Friday, July 6, 2018

IF YOU DON'T THINK THAT I AM THE PASTOR OF MAYBERRY THINK AGAIN!



Richmond Hill Police Department reports: Dog busted for harassing cat

RHPD


From Richmond Hill Police Department reports:


Matter of record: From an old May 28 report comes what may be the best RHPD narrative on record, courtesy officer Jonathan Zirpolo.

“On (May 28 around 12:15 a.m.), I responded to the area of Smoke Rise Road regarding a barking dog. While checking the area I observed a small brown dog (Dachsund) running through several front yards while continually barking. The dog was chasing a cat who appeared to be highly agitated by the dog chasing it. Once the cat would stop, the dog would make several advances towards the cat. The cat, clearly not wanting to be shown any attention by the dog, went on the offensive and attempted to scare off the dog. The dog retreated and the cat ran away. However, once the dog saw the cat running away, the dog gave chase again.

The amount of noise being made by the quarreling couple equated to a nuisance and I felt the dog needed to be apprehended due to the obnoxious behavior shown towards the cat. After a brief foot pursuit, the dog laid on its back and surrendered to law enforcement. It was taken into custody without incident. No identification for the dog or its owner was found on the dog. Animal Control was requested to come retrieve the dog. They arrived a short time later and took the dog.”

That’s verbatim.


7 comments:

Viceroy said...

Seems Smoke Rise Road is within the Richmond Hill City limits.

"The Richmond Hill Municipal Code of Ordinance Chapter 14, Sections 1-55 requires that dogs be confined or leashed at all times. Dog waste must be removed and properly disposed of. All cats and dogs must have current vaccinations. Bryan County provides Animal Control services for the city."

Looks like a by-the-book capture to me...

Viceroy said...

Smoke Rose Road is within the Richmond Hill city limits.

"The Richmond Hill Municipal Code of Ordinance Chapter 14, Sections 1-55 requires that dogs be confined or leashed at all times. Dog waste must be removed and properly disposed of. All cats and dogs must have current vaccinations. Bryan County provides Animal Control services for the city."

We'll have to see the body cam video to be sure, but it looks like a by-the-book operation to me.

TJM said...

Not totally off topic because the spirit is the same: FAKE Catholic University gets its head handed to them by the Wisconsin Supreme Court!!!

https://www.thefire.org/wisconsin-supreme-court-marquette-university-wrongly-fired-professor-for-opinions-on-personal-blog/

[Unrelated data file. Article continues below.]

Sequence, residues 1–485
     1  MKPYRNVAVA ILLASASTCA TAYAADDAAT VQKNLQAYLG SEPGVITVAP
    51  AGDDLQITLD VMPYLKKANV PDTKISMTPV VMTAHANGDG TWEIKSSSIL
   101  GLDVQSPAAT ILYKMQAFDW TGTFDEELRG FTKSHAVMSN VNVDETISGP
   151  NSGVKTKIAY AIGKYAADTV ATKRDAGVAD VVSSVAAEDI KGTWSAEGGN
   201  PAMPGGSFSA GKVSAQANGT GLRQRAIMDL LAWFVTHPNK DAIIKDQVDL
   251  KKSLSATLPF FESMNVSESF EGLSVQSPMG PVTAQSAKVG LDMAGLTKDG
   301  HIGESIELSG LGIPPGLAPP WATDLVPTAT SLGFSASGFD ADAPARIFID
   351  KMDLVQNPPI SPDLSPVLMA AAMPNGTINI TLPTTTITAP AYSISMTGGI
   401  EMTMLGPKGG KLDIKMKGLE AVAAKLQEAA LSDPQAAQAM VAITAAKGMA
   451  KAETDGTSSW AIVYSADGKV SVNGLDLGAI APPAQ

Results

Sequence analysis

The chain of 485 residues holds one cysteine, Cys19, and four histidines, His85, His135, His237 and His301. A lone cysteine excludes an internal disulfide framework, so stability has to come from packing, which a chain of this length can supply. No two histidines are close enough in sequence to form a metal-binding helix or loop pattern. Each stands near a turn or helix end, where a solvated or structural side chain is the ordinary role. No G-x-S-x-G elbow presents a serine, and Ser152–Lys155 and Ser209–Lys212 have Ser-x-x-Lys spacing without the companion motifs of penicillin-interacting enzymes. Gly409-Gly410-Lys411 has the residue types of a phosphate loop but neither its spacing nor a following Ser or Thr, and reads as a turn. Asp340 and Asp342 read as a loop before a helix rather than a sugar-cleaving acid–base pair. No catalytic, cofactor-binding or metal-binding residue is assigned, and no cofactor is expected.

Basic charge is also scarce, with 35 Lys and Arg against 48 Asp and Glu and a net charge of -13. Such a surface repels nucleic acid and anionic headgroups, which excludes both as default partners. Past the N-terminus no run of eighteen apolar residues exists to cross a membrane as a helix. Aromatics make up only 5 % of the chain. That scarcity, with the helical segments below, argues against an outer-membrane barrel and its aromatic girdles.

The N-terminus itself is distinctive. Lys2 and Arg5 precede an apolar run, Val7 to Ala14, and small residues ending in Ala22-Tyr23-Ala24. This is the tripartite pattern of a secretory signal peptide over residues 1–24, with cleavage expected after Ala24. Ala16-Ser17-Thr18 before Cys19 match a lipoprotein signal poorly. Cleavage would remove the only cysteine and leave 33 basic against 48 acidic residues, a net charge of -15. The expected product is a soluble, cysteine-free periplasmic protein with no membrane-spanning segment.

I guess Marquette didn't get PF's memo on "mercy!"

Anonymous said...

Just out of curiosity, where is the "hill" in Richmond Hill? Is it I-95 crossing over Highway 17 and the CSX rail line? Maybe it should be Richmond "Flats"!

Fr. Allan J. McDonald said...

The original name was Ways Station because of the north/south railway. Henry Ford (top row, second from left), who made Richmond Hill his winter residence during the 1930s and 1940s, poses with students from the George Washington Carver School around 1940. Ford built the school for African Americans as part of his effort to improve educational opportunities for Richmond Hill residents.
George Washington Carver School
In 1925 the automobile-industry pioneer Henry Ford of Dearborn, Michigan, began purchasing land on Bryan Neck, eventually owning about 85,000 acres on both sides of the Ogeechee. Ford was interested in the social and agricultural improvement of the area around Ways Station, then one of the most impoverished places in Georgia. Ford hired local residents to manage his agricultural operations, provided housing and medical facilities, and built churches, community centers, and schools for blacks and whites. He developed a sawmill and a vocational trade school, improved roads and other infrastructure, and generally brought Ways Station into the twentieth century.
Henry Ford owned about 85,000 acres on Bryan Neck, where he built the Richmond Hill Community House in 1936 as well as numerous schools and churches.
Community House
In 1941 the town's name was changed to Richmond Hill in honor of Ford, who had built his winter residence, Richmond, on the site of the former Clay plantation.
After Ford's death in 1947 much of the land on Bryan Neck was sold to timber companies. Richmond Hill was incorporated in 1962, and it remained a quiet rural community until about 1980, when the building of interstate highways in the area and the influx of Chatham County residents into lower Bryan spurred rapid growth.

Fr. Allan J. McDonald said...

Above comment cut and paste from article with photos

Anonymous said...

Well, that “news” story makes about as much sense as the political reporting these days...ho,hum...